Costs, fees and other service charges
JAMS arbitrators set their own hourly or daily rate. Fees range from US$400–1,200 per hour depending on the arbitrator selected. For matters administered under the JIAR, JAMS charges a US$1,500 filing fee and 12 per cent of professional fees thereafter for administrative services. Fees are billed as the case progresses and are, therefore, directly proportional to the amount of professional time devoted to the matter. Professional fees include time spent for hearings, pre- and post-hearing reading and research, and award preparation. Administrative fees include:
- access to an international panel of judges, attorneys and other ADR experts;
- dedicated services, including all administration through the duration of the case;
- document handling; and
- on-site business support, including local phone service, internet access and fax and copying capabilities.
Administrative fees (not including conference room rentals) will not exceed US$100,000. JAMS reserves the right to adjust this cap for extraordinary cases, after consultation with the parties.
For hearings of one day or less that are cancelled or continued by or upon the application of one or both of the parties 30 days or more prior to the hearing date, fees are 100 per cent refundable except for any arbitrator time reserved. For hearings of two days or more that are cancelled or continued 60 days or more prior to the hearing date, fees are 100 per cent refundable except for any arbitrator time reserved. For hearings that are cancelled or continued inside the cancellation–continuance period fees are non-refundable. However, the cancellation–continuance policy is set by the individual arbitrators and therefore may vary. This is because time reserved and later cancelled generally cannot be replaced. In all cases involving non-refundable time, the party causing the continuance or cancellation is responsible for the cancellation charges.
JAMS will invoice for the fees of all arbitrators, whether or not such arbitrator is affiliated with JAMS. Receipt of payment for all fees is required prior to the delivery of an arbitration award. JAMS reserves the right to cancel a hearing if fees are not paid by all parties by the applicable cancellation date and JAMS confirms the cancellation in writing.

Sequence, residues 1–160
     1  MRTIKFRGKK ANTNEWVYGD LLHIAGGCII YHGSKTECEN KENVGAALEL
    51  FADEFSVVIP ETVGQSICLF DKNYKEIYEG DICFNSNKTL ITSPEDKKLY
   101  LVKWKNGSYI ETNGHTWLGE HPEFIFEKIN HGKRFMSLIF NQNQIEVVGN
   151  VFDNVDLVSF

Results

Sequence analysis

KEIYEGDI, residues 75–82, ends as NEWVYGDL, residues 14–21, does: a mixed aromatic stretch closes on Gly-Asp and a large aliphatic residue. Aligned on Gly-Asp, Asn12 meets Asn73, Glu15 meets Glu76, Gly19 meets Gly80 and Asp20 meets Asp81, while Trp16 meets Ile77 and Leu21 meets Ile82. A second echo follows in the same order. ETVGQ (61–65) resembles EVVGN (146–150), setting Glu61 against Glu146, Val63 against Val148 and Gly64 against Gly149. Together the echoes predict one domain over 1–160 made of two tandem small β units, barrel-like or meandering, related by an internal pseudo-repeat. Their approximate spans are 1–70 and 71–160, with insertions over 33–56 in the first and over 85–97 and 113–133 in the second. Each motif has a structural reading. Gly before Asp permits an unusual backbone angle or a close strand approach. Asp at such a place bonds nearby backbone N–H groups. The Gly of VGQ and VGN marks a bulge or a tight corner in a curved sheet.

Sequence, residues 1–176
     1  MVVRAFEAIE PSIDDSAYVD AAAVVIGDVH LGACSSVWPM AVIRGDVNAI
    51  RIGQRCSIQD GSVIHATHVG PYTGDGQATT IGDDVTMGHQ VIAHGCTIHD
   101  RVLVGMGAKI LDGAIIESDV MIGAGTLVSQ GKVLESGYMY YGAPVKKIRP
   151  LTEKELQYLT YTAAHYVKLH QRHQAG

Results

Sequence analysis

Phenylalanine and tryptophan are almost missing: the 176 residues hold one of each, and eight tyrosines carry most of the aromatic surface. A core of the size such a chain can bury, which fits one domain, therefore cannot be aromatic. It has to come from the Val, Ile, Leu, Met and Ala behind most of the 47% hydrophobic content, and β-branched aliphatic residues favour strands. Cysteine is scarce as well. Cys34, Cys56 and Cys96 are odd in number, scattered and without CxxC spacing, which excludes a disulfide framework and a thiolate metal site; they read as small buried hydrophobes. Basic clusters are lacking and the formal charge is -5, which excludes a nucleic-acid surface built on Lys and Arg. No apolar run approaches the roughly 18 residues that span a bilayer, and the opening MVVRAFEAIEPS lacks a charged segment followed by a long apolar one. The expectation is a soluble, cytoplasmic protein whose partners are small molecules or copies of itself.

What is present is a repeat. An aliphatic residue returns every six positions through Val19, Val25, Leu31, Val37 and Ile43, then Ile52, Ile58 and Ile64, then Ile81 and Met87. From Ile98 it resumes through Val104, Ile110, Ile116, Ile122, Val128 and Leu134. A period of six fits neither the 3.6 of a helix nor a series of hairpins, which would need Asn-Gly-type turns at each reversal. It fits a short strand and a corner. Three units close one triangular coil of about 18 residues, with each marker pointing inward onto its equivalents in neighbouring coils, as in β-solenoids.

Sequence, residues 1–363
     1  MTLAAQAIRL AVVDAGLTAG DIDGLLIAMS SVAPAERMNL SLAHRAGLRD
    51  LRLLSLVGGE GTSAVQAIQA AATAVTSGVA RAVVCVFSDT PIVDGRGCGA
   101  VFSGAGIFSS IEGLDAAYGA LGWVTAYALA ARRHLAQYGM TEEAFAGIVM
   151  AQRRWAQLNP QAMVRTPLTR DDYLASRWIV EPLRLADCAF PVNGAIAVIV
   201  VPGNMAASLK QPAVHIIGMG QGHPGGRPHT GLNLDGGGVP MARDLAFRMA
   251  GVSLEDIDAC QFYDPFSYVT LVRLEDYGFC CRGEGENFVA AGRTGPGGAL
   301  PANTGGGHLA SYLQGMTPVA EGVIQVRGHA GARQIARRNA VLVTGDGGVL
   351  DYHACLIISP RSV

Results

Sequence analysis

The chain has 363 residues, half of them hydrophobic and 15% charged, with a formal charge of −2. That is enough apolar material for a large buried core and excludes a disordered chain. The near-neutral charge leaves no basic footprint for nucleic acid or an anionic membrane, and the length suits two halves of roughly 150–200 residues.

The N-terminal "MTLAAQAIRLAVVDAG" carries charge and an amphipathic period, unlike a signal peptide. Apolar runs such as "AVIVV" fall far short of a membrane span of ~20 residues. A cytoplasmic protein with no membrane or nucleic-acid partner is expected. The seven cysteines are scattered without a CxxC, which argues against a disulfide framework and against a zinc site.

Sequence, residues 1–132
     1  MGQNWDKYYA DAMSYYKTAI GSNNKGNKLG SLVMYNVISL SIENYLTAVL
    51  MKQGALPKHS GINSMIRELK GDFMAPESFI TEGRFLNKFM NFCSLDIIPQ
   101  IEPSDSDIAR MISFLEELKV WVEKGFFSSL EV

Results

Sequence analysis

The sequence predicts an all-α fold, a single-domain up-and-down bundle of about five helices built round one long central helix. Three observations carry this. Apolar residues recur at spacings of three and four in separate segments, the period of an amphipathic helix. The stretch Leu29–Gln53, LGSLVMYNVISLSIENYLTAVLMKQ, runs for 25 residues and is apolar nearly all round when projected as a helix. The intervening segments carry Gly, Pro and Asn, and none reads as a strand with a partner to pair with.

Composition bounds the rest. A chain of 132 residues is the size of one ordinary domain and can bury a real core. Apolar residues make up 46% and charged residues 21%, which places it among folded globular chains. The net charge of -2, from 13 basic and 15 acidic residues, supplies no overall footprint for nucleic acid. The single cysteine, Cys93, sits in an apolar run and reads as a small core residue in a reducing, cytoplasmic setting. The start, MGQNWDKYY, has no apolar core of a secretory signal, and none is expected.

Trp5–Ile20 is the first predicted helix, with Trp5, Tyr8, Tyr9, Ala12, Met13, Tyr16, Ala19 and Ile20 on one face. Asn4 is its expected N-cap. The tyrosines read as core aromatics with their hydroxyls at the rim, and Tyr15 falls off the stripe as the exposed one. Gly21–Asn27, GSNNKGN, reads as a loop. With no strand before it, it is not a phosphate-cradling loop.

Commentary on certain features of the JAMS International Arbitration Rules
Provisions on confidentiality of arbitration
The JIAR, which were substantially revised and republished effective 1 September 2016, address confidentiality of an arbitration, specifically stating that the tribunal and the administrator ‘will maintain the confidentiality of the arbitration’ (JIAR article 17.1). JIAR article 17.2 also provides that the arbitration award, unless otherwise required by law, ‘will remain confidential unless all the parties consent to its publication’. However, the JAMS rules do not specifically require the parties to maintain confidentiality of the arbitration.
Availability of expedited procedures
JIAR article 22 provides an optional expedited arbitration procedure for cases involving less than US$5 million in which parties can choose a process that limits disclosure. Any party may include a request for such procedure in their arbitration agreement (JIAR article 22.1). If the request is opposed, JAMS will determine whether the arbitration will be conducted on an expedited basis. Arbitrations conducted under the expedited procedures should take six months to complete.
JIAR article 3 provides for emergency relief procedures. A party in need of emergency relief prior to the appointment of a tribunal may notify JAMS and the parties in writing of the relief sought and the basis for an award of such relief. JAMS will appoint an emergency arbitrator to rule on the emergency request. In most cases, that appointment will occur within 24 hours of receipt of the emergency application and any requested advance. Within two business days, or as soon as practicable thereafter, the emergency arbitrator shall establish a schedule for the consideration of the request for emergency relief, affording all parties an opportunity to be heard (by remote means if necessary). The emergency arbitrator will determine whether the party seeking emergency relief has shown that immediate loss or damage will result in the absence of emergency relief and whether the requesting party is entitled to such relief. The emergency arbitrator will enter a reasoned order or award granting or denying the relief.
JIAR article 32 authorises a tribunal to grant interim relief. The tribunal has the authority, upon request, to grant any interim relief that it deems ‘necessary’. Such relief may come in the form of a partial or interim award, and may include injunctive relief, protective measures to conserve property, and ‘measures to secure the payment of any award that might be rendered’. Such awards are deemed to comply with the requirements of the New York Convention. The tribunal also has the power to require security for any costs that might be incurred if it is subsequently determined that the moving party was not entitled to the interim relief.